UK’s M&G buys up most equity in Bank of Ireland bond deal
M&G has bought 95% of the lowest rank notes of a bond deal Bank of Ireland used this month to refinance buy-to-let mortgages
Francesca McDonagh, Bank of Ireland’s chief executive: told the Oireachtas finance committee on April 4th that she may sell further distressed loans. Photograph: Dara Mac Donaill/The Irish Times
UK asset manager M&G Investments has emerged as key to Bank of Ireland being able to remove €375 million of problem loans from its balance sheet.
The investment group, a unit of London-based life insurance giant Prudential, has bought 95 per cent of the lowest rank notes – or equity portion – of a bond transaction Bank of Ireland used this month to refinance the non-performing, but mainly restructured, buy-to-let mortgages in the bond market.
The process, known as securitisation, entitles buyers of the bonds to interest payments based on income from the mortgages.
M&G has bought almost all of the €41.5 million of so-called Z Notes in the deal, with higher ranked notes, from A to E, which have greater entitlements to income from the securitised loans, having been placed in recent weeks in the wider market. That’s according to bond prospectus documents linked to the deal.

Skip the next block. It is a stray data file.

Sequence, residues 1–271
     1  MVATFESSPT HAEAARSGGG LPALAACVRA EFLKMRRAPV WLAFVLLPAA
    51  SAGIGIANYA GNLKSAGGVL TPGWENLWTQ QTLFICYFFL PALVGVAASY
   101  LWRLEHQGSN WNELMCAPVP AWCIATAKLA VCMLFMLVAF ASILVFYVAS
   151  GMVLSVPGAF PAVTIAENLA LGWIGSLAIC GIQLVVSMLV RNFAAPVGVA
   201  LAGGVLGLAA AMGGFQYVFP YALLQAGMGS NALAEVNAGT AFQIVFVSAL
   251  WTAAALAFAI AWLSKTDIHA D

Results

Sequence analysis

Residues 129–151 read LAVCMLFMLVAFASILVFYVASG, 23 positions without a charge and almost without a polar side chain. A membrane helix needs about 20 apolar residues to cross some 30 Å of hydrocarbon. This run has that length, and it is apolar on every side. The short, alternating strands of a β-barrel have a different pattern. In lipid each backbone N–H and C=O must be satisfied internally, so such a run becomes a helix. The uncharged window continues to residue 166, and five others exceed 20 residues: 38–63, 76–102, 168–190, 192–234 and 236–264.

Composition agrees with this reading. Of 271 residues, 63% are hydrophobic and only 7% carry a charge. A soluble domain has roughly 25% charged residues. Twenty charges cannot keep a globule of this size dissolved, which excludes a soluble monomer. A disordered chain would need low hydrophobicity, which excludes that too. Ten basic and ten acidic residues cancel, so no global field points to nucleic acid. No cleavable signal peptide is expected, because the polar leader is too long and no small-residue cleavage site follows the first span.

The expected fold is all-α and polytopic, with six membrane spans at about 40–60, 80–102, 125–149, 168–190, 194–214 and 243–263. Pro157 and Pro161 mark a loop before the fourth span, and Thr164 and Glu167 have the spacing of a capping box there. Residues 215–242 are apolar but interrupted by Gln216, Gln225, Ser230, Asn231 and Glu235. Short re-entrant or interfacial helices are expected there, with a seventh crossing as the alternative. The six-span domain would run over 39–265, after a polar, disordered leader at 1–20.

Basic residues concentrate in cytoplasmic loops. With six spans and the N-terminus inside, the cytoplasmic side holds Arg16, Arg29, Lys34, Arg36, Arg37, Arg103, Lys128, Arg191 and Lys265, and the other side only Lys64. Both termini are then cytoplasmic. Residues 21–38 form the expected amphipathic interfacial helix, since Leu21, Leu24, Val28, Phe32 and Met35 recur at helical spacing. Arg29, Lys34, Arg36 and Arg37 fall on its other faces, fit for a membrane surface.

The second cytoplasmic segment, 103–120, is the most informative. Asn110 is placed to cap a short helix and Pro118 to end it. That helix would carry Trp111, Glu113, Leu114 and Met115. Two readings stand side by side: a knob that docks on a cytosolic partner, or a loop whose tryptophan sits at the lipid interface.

Bank of Ireland announced at the end of March that it was planning to securitise the €375 million of mortgages to lower its non-performing loans (NPLs) ratio to 5.8 per cent from 6.3 per cent at the end of December.
Rival Permanent TSB used a similar transaction last November to shift €1.3 billion of restructured loans off its books.
Bank of Ireland chief executive Francesca McDonagh told the Oireachtas finance committee on April 4th that she may sell further distressed loans after the securitisation deal – known as Mulcair Securities – is completed to lower its level of NPLs to about 5 per cent.
Permanent TSB is currently moving the day-to-day servicing of the loans it securitised to a new servicer, Pepper Finance Corporation, having being advised by its lawyers that this is necessary to ensure that the assets move off its balance sheet.
However, Bank of Ireland executives told the Oireachtas committee that they were satisfied that they can continue to service the Mulcair Securities loans and get the benefit of shifting them off its books.
Still, the bond prospectus for Mulcair Securities states that loan servicer CSC Capital Markets has been lined up as a replacement administration facilitator, if it is needed to step in.
M&G, as the holder of most of the Z notes, only has to give nine months’ notice to replace Bank of Ireland as the day-to-day manager of the loans. Unusually, this right isn’t linked in the documents to performance.
The bank may resign after three months’ notice. A spokesman for the bank said that a change of loan servicer wasn’t anticipated.
The Mulcair Securities vehicle holds 1,730 loans with an average size of €217,000. The loans pertain to 790 different customers. The average weighted remaining term of the portfolio is just over 14 years, and the bank has held the mortgages for an average of 12.5 years.
The Irish Times reported last December that US investment powerhouse Pimco had bought up the rights to most of the income from Permanent TSB’s securitisation by buying the majority of notes in the deal. The Irish bank has never spoken publicly about the buyer.